Whether you’re designing a campus recreational facility, a corporate health club or an athletic complex, you will likely run into another group with a different agenda. Not every group’s agenda will be legitimate or relevant to your cause, and how you handle those voices will obviously be left to your discretion. We found that intentional conversations and collaborations led to more informed, if not more supportive, stakeholders. This isn’t to say that all of our conversations were constant, easy or quick. Nor is it to say that we were routinely involved in heated debates about the future of our facilities. We took our time – and continue to take our time – in developing relationships that are critical to our mission and position on campus, and we sought as many resources as we could to be successful in passing the referendum.
We identified many important groups for our project, but several key stakeholders stood out to us due to funding, communication, shared usage or construction logistics:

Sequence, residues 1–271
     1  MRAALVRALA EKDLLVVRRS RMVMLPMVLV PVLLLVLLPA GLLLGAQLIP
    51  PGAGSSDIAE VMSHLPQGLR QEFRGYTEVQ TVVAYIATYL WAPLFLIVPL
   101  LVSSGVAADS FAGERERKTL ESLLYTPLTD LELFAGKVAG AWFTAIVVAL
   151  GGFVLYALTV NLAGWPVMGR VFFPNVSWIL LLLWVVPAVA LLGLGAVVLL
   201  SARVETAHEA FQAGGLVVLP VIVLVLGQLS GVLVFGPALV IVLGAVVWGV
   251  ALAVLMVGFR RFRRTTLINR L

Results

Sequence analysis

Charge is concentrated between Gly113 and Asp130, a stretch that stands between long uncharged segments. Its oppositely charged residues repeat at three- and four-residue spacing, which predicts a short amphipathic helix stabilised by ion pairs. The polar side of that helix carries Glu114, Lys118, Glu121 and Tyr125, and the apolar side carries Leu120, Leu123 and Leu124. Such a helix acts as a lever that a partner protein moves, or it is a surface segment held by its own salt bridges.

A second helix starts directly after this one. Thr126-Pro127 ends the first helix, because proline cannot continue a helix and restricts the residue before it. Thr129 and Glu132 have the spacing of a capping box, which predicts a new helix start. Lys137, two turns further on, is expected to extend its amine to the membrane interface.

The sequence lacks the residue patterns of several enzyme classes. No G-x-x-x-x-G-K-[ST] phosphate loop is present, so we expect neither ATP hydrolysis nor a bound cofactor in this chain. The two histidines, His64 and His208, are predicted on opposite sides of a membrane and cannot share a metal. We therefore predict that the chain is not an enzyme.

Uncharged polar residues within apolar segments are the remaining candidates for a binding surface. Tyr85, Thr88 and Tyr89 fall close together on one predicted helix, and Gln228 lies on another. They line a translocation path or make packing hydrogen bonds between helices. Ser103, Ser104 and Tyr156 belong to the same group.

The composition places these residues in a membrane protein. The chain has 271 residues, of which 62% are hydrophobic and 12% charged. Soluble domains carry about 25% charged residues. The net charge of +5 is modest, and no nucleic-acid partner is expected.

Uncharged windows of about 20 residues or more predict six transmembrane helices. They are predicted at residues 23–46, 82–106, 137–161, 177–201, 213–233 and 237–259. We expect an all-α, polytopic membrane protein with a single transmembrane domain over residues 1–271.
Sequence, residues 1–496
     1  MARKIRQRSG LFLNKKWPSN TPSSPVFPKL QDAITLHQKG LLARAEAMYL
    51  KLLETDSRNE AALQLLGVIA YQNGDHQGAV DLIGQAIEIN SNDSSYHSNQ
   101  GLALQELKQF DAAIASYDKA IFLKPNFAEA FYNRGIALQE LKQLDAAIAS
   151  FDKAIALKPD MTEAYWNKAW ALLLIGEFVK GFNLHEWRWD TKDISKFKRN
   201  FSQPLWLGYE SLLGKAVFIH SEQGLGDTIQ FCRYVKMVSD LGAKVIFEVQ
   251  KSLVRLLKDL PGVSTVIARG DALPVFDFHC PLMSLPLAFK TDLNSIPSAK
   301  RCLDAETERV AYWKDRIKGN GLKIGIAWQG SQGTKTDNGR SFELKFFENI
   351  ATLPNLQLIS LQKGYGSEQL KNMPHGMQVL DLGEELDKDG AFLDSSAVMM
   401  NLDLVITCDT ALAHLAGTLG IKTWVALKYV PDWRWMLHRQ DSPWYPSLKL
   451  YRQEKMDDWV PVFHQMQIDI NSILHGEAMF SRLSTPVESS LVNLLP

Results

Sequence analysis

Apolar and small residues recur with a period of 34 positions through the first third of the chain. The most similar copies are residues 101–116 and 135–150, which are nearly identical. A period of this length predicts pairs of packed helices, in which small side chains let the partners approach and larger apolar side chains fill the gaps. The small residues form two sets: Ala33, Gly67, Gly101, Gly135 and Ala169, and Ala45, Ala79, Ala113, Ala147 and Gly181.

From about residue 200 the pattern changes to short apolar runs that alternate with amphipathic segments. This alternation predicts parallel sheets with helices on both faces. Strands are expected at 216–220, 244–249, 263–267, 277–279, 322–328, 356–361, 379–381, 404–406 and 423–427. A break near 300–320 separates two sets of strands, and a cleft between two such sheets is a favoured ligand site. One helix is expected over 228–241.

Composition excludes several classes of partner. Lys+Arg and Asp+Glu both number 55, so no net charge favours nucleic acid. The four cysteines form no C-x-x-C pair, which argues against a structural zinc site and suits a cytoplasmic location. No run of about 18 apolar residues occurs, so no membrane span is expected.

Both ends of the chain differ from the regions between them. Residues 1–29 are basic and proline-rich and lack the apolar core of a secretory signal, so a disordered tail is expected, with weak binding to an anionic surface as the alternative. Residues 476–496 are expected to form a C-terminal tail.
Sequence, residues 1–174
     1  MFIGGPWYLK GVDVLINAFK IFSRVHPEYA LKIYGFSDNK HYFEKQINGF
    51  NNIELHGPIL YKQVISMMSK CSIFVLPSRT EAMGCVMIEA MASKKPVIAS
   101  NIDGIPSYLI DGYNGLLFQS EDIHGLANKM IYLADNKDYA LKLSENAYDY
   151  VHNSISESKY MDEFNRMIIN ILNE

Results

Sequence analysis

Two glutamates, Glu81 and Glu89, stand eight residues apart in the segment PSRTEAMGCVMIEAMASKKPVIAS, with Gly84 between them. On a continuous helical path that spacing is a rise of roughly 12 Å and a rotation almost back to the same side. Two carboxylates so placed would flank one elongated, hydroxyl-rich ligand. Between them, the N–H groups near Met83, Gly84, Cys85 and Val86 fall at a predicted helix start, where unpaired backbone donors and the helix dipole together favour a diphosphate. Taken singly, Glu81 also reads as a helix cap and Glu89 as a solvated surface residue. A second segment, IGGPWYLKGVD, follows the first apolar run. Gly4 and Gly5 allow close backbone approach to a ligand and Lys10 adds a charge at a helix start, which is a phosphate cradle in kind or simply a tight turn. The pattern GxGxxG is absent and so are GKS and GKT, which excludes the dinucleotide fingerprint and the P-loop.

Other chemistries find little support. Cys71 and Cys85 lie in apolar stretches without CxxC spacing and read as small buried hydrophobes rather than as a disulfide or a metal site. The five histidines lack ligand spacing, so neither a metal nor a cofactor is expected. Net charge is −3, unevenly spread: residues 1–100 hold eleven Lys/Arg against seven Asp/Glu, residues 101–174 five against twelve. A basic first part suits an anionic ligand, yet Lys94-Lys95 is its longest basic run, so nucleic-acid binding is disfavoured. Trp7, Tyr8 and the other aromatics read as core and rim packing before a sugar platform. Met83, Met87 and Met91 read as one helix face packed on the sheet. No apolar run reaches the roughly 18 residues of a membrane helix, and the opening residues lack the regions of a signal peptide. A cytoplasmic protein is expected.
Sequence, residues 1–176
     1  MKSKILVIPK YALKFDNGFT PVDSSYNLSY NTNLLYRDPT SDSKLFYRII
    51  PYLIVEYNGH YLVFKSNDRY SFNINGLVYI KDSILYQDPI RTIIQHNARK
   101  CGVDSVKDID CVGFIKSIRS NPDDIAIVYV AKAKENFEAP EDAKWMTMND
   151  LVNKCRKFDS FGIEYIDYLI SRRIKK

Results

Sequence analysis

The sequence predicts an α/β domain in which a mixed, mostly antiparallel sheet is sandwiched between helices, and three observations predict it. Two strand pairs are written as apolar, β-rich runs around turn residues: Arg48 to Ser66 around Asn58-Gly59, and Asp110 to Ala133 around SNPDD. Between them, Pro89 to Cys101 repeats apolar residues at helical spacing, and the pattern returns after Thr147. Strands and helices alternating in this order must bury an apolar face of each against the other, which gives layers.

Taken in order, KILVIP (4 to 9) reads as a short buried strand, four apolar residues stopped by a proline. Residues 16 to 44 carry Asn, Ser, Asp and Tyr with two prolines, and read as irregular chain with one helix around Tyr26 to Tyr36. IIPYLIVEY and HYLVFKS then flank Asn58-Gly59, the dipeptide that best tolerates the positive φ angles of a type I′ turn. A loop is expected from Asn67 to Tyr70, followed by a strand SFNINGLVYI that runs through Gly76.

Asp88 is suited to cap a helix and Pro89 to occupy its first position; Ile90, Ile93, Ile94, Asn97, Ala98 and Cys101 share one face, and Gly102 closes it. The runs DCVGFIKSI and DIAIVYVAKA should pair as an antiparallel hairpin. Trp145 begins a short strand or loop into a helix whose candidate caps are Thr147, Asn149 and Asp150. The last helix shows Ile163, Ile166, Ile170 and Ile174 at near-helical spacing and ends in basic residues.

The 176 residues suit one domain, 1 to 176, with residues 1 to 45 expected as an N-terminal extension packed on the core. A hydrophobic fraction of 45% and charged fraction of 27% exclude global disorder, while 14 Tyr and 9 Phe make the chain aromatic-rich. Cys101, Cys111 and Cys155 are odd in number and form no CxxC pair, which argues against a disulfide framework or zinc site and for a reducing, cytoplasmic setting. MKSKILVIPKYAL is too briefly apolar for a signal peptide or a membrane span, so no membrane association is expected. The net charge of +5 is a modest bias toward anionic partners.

- Rec Sports members and participants
- Student government
- Student organizations
- University Athletics
- UW Alumni
- Local swim community
- Neighborhood residents close to campus
We divided our list among our staff based on pre-existing relationships, shared interests, and levels of influence. Our conversations occurred in a variety of settings, from formal presentations and meetings to more casual happy hours and coffee dates, depending on the relationship. Each group played a significant role in our campaign, even though many of them had very distinct opinions and agendas.
Depending on your project, your list may look a lot different from ours. Once you’ve identified your key stakeholders, though, develop a plan for reaching out. Some connections will be natural -- or at least necessary -- while others may be brand new. You’ll want to keep these groups informed, educated and engaged throughout your project. Not only does this give your organization more exposure and validity, but it can help you anticipate potentially negative press. Including your audience also helps them feel part of the process and gives them a sense of ownership over the finished product. Depending on your budget, the opportunities for building connections with your audience are endless. For tips on marketing on a budget, refer to my last post, Generating Rec Support Through Low-Cost Marketing.